ITF boss hints 2012 Davis Cup final could be moved forward

Sunday, December 5, 2010

BELGRADE - The Davis Cup final could be brought forward from its usual early December date as a result of the Association of Tennis Professional’s decision to shorten the men’s season by a fortnight, International Tennis Federation (ITF) boss Francesco Ricci Bitti said Sunday on the final day of the Serbia-France tie.

The Italian, while not going into specifics, dropped the hint that future schedules could change as a result of the ATP move which will end that season in the middle instead of late November.

“Obviously we don’t want to play Davis Cup (too) far away from the season,” said the administrator. “But no decision has been taken. The Davis Cup Committee and the board of the ITF is considering the situation.

“Surely an announcement will be done as soon as decided. But obviously we are studying how to close the gap between the present date and the new date of the circuit.”

Ricci Bitti said his organisation remained unworried by a long tennis calendar. “The real problem in tennis is the player commitment, the balance between the player commitment and the tournaments that the players are required to play.”

Ricci Bitti added: “The length of the season, I think, could be even longer. I don’t think this is a real problem. The key problem is always the balance between player commitment and tournament requirement.”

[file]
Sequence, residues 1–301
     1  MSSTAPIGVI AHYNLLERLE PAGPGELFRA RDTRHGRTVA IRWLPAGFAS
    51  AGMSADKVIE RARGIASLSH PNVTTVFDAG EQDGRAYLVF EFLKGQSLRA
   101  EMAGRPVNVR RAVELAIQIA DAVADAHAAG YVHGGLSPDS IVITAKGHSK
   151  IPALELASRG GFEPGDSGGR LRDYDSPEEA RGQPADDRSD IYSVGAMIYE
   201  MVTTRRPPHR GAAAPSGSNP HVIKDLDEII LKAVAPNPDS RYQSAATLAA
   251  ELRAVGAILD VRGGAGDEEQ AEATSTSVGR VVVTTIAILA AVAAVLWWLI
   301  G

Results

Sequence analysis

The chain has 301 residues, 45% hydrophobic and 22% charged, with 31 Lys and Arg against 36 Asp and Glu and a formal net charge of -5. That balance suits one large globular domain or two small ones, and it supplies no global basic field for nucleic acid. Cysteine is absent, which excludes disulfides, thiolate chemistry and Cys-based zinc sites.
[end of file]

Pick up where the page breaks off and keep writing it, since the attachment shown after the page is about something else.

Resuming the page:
Despite the fact that Rafael Nadal, Roger Federer and Andy Murray - three of the top four in the world - did not play Davis Cup in 2010, Ricci Bitti refused to make an issue of the absences.

“The calendar of tennis is very heavy, we’re happy in general with the participation. We should not forget the Davis Cup is not any requirement, it is a free participation, totally free.

“Davis Cup is strong, even if we can miss one or two players sometimes. It’s less vulnerable than many tournaments. And if you compare all the tournaments, individual tournaments, with Davis Cup, we are very well off.”

The administrator also sidestepped the issue of expansion at the crowded France Open site in Paris, with local officials pondering whether to stay at Roland Garros and try to expand or head for a new venue in the suburbs.

The decision will be taken in a vote by the French federation in February. “I understand the French authorities, that they would like badly to improve the situation on site,” said Ricci Bitti. “But it’s very difficult.

“I have a lot of support for what they do now. But the decision has not been taken. It’s only preparatory work.”

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